This piece came about as a sort of side product of my solo show, “Ladies At A Gay Girl’s Bar, 1938-1969.” The solo show is all about the feels - or, as it says in my grant applications, about exploring the emotional landscape of femmes in mid-century working class lesbian communities. Parts of this piece do show up in the solo show. But I had an aha moment about the eternal question "are femmes really gay" that didn't quite fit. Hence, my “TED Talk.” Below is the piece as I performed it, with links to further info for all you nerds out there.
Books and stories give us windows of possibility as queer people. “We Walk Alone Through Lesbos’ Lonely Groves” by Ann Aldrich came out in 1955.
Ann Aldrich is one of the many pen names of Marijane Meaker, one of the first lesbian pulp writers and a lesbian herself.
This book had a tremendous effect on how lesbians saw themselves and their communities. If you didn’t fall in love with the girl across the hall or stumble into a gay bar, this book could be a guide to figuring out who you were, who your people were, and what you could do about it.
I want to share what this book has to say about femmes.
“The best way to describe a femme is to say that she seems always to be on the verge of something. A butch is an expensive dependent, and the fem often talks about the break she is on the verge of getting, which will provide her and her lover with those luxuries for which they dare to hope.
The fem is on the verge of femininity - she too is a caricature - this time a caricature of womanliness. Her perfume is a little too heavy, her hats are a little too zany, her makeup is overdone, her walk exaggerated, her speech affected. Her effort to be a feminine being is too concentrated.
Fems try hard to look, act and be ladies, but they never quite succeed. While she is attracted to the girl who can look more mannish than any other, she is repelled by men. “
It reflects the narrator's prejudices. Against butches, femmes, sex workers. By today’s standards, the whole thing feels self-loathing. A white woman, she writes about people of color as others, if at all.
A huge part of her disdain for femmes and butches is based on their working class roots, their embracing of their queerness, their refusal to assimilate while upper class lesbians carried out discreet affairs.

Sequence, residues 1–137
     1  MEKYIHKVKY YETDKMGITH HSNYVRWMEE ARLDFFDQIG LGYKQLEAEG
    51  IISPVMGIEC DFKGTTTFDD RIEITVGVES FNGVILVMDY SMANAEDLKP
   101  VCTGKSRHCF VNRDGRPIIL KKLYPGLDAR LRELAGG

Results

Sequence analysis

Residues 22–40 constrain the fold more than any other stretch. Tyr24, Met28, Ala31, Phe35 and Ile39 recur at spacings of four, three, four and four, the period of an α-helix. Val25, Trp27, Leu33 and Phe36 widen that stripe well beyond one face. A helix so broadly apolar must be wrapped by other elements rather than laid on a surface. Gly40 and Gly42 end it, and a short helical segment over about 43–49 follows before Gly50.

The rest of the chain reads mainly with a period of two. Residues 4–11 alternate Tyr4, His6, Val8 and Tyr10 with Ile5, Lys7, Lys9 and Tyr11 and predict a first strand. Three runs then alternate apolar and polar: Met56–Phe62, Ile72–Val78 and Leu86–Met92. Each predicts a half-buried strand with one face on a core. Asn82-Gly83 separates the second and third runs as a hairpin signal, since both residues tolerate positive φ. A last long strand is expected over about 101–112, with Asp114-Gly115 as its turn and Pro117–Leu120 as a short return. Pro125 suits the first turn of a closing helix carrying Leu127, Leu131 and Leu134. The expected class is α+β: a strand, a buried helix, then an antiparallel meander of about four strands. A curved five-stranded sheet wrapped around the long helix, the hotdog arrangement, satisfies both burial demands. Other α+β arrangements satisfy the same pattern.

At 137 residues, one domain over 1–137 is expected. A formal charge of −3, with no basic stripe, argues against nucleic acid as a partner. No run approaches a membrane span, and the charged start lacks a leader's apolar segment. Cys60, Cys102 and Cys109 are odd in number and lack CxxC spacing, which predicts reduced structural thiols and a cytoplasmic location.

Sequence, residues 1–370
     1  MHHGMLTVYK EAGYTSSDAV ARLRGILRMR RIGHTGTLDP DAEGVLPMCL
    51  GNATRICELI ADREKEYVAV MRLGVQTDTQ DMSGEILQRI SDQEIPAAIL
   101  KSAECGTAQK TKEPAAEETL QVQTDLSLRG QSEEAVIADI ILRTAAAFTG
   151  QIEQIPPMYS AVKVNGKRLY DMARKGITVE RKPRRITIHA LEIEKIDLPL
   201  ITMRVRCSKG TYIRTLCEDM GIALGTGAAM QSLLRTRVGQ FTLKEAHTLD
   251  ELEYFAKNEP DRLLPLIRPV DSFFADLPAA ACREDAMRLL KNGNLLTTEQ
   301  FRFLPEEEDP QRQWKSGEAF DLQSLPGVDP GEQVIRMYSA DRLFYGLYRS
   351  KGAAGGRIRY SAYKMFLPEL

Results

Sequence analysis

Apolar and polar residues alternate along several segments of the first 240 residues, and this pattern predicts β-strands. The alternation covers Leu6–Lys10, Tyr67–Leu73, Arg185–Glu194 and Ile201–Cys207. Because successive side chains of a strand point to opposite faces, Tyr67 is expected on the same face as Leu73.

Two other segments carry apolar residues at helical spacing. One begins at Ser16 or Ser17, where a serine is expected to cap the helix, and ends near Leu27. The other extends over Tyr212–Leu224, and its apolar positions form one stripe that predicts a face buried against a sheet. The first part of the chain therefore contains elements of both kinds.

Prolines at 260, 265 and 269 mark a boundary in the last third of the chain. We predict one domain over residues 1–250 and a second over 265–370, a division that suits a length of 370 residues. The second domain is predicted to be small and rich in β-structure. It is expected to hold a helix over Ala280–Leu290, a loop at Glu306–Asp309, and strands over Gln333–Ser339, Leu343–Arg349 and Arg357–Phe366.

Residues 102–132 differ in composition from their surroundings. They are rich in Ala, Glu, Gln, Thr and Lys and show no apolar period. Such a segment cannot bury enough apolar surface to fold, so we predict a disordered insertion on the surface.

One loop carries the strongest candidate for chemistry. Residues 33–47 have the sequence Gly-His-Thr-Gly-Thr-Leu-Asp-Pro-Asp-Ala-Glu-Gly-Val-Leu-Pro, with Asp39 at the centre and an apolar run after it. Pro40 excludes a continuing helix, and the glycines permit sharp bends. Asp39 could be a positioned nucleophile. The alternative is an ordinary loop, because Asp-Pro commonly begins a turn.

Excessive. Overdone, zany.
Trying to be a lady, but categorically unable to succeed because in 1955, you can only be a lady if you are, at bare minimum, not repelled by men.
Excessive. Overdone. Zany.
That’s what we like about femme, isn’t it?
We love femmes here, today at Oberon. We love the entire spectrum of amazing, incredible things that femme can mean now, and the narrower, also amazing, incredible, roles that femmes played in lesbian communities in the past.
But not every day is the Femme Show. Sometimes we’re told we don’t belong. I've been trying to figure out why. Trying to figure out what happened before and after Ann Aldrich that got us to where we are. There are many answers, and some very specific ones can be found in books that gave lesbians images of themselves.
While we’re talking about books, we can go back to 1928 and The Well of Loneliness - the tale of a butch or “invert” who sacrifices her own happiness so the feminine woman she loves can find happiness with a man.
But the trope of a predatory, masculine lesbian in love with a “normal” feminine woman shows up in American media as early as 1892, when the murder of Freda Ward by her masculine fiancee Alice Mitchell captivated America - If they had true crime podcasts in the 1800s this would have been a hit. (There’s a great book about it by Alexis Coe )
So, I come out in 1998, a crunchy hippie girly girl, I start looking for dykes, looking for role models, and I find them in pretty expected places - the athletics department, folk concerts, coffee shops. Then I try to read every gay book in the state library system. And the more i read, the more confused I am about femme, about where my femininity fits, if it’s something I can hold on to or if it needs to be cast aside.
By now, the idea that a lesbian is a masculine person who falls in love with straight women is generations old. The idea that femmes don’t belong here.*
No wonder the political activists and Xena Warrior Princess fanatics who were my lesbian role models told me I wore dresses too much.
No wonder i felt so alone, so unseen, in my queer community in the 2000s.
No wonder, as i started to learn about queer history, especially the mid 20th century working class butches and femmes who are the forgotten vanguard of lesbian visibility, I also read that the femmes weren’t really considered gay. According to butches AND femmes at the time, femmes weren’t trustworthy, weren’t committed to the life. If it was easier to marry a man, they went off and married a man.
But when they walked down the street with a butch, there was no mistaking who they were and why they were together. The femme is an essential piece of the equation.
Yes, some did marry men.
But I refuse to believe that all of them did. I refuse to be parted from the rich history of butch-femme resistance.
When we think about our pre-stonewall forebears, I want us to remember that there were femmes showing up every night, every weekend, to bars and house parties, because they loved women - because their desire for women, for butch women, was stronger than homophobia, stronger than patriarchy.
And what could be gayer than that?
*I’m indebted to Marie Cartier’s Baby, You Are My Religion for noting how widespread and fundamental the trope of the straight femme became in the popular imagination.